Wednesday 29 January 2014

My Moriarty by Nichola Deane

When I open poetry books or magazines for the first time, it’s often at the back, or at random.  I’m glad I read My Moriarty from the front, because the first few pages of this Flarestack-published pamphlet gave me a memorable new-poetry-reading experience.  So much so that when Rialto editor Michael Mackmin said he’d got five poems by Nichola Deane, I couldn’t wait to read them.  (The Winter issue has just gone to the printers and will be out soon – I think it’ll be great.)

The opening poem in My Moriarty, ‘Elizabeth Bishop and the Card Table’, is a dream poem in which Bishop is “weirdly part of the fabric, ontological / as a chair’.  There are many dream poems around but few of them capture the essence of dream as effectively as this one:

and us playing a game the dream calls Intricacy and Gesture,
won and lost in the blind spells, the jump-cuts of sleep.
Whatever she says, and I can’t know now, ever,
it’s the feeling in the words that stays and stays,
that’s in me this moment, sweet and flickery like the flight
of a wren, tail-up, here before it got here,

Immediately the writer establishes herself as someone who can do both metaphor and metaphysics.  There’s also a sort of relish about this poem and throughout the pamphlet: it’s catching.

Subject matter has something to do with it.  This may be partly personal, though adoration of Bishop is a common enough phenomenon.  Next comes a poem, ‘Towards Suaineabhal’, containing a Hebridean mountain. “Nakedness / in rags, the bones of a thing in rags, unwilling / to plead” perfectly catches the lumpy bareness of that landscape.   Again, Deane gets at the essence:

How does a mountain occur to you? How can it?
A mountain happens to you while its strata stay put:
it is slipping forever under your thought
remaining and remaining while you can’t help but move
through time and space like a leaf unleashed from its tree.

The largeness of that question and the whole passage has something American about it.  You can read the poem here.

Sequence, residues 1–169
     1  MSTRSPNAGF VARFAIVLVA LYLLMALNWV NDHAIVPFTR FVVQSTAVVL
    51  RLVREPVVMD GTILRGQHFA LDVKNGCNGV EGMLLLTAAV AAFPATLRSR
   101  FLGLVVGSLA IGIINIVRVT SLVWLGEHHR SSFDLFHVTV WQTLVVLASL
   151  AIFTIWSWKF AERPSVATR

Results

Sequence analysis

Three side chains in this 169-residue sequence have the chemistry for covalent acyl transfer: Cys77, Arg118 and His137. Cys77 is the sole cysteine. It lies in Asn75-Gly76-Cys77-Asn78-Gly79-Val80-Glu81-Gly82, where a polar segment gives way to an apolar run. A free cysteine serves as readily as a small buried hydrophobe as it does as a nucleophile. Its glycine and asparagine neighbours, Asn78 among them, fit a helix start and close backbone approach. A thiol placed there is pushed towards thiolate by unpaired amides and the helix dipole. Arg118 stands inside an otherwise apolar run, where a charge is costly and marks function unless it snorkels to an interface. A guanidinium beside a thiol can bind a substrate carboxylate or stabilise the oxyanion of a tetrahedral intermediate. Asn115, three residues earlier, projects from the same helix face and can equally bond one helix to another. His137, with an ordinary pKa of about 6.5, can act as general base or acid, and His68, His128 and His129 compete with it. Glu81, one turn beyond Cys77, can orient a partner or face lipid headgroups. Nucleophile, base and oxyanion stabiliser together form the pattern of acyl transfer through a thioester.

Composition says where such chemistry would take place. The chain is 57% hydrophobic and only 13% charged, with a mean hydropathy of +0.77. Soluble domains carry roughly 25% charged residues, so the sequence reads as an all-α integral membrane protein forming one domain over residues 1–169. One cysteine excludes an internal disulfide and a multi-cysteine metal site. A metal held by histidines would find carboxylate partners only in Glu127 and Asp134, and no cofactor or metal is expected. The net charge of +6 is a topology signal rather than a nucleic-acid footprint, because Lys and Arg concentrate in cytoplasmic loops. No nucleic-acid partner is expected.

Then there’s a list poem addressed to the letter/symbol/shape ‘X’, in all its manifestations from girder to kisses to

Exactitude, the place on the treasure map
discoverable only with all the difficulties
of ardour, subterfuge and double-cross,
or the double-loss found in the moment

the searching stops in exhaustion and want.

The sometimes punning echoes (exactitude/map, cross/loss/stops) are characteristic.  I think they help express relish.  The Bishop poem has “back… lack… blackly… fabric” in the first five lines.  A less stylish and precise writer mightn’t get away with it.  

All those three poems take unexpected turns – the reader’s inability to predict where next makes the act of reading feel like a fairground ride.

The next poem, ‘Maw’, is a sonnet, whose echoes take the form of gentle and irregularly placed half-end-rhymes.  The opening and end are especially beautiful; here are the first three lines:

We speak as if the heart breaks only once
when really whatever it is I mean by heart
dies in me daily as the Evangelist said it should.

Then there’s a long, raw yet controlled and very moving mother poem, with a difficult story behind it.  Not what one might have predicted from what’s gone before.  The same applies to the poem after that, in the voice of Fru Ida Hammershøi, the wife of the painter whose haunting interiors were exhibited in London a few years ago.  Rooms were either empty, or showed Ida with her back turned. 

Interior (1893) by Vilhelm Hammershøi
That’s a third of the way through the pamphlet and only with the next poem did I come back to earth.  A red dress lies discarded on the floor, bringing memories; the poem is accomplished by any standards, and my reaction only reflects the exceptional quality of what went before it. 

There are more exceptional poems towards the end, including the title poem, whose speaker takes delight in planning an encounter worthy of a love/hate relationship (“my darling conundrum”) more intriguing than anything in Sherlock.  Another empty mountain poem, with sun this time, reflects the  bleaker Hebridean version, and ‘Wittgenstein’s Deckchair’ on the final page mirrors the opening Bishop poem.  This time, instead of a dream-room it’s entirely imaginary, and “like a boat / between shores”.  Here again we get that winning combination of metaphors that really hit the spot and playful metaphysical speculation.  Here are the last few lines:

The clownish seriousness of pure endeavour!
Proximity of illumination, rest
and collapse are suggested by his choice of
anti-furniture; that and the taut fabric
of our lives stretching across time
carrying somehow our shape and warmth,
somehow taking all our weight. 

My Moriarty comes from Flarestack, who won last year’s Michael Marks award for pamphlet publishing.  You can buy it here.  It’s covetable externally too – very elegantly produced (apart from the pagination being out), its cover dark royal blue with white and silver writing, and egg-yolk yellow inside covers. 


  1. Dear Fiona

    I reckon that you know you're reading a good writer when you can't guess what comes next. Nichola Deane seems to have passed this test.

    Best wishes from Simon R. Gladdish

    1. Yes, it's certainly one test, though would need to be accompanied by others!